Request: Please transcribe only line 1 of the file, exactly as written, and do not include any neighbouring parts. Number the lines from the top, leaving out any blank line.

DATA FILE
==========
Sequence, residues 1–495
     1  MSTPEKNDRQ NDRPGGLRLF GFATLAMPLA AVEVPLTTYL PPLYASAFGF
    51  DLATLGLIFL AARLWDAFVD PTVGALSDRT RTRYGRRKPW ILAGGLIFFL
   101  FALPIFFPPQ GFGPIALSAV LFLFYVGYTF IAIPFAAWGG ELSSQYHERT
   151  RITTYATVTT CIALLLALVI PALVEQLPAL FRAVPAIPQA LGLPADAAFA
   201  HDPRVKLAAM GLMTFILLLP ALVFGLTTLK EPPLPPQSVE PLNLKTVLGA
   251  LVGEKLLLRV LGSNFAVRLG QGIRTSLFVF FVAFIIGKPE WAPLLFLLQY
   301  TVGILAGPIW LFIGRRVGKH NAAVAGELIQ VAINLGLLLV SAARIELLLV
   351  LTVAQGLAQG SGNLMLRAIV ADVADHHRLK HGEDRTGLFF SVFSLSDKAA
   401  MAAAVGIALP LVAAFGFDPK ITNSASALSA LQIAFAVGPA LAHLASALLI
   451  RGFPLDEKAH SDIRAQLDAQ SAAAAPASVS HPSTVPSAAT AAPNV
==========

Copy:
Sequence, residues 1–495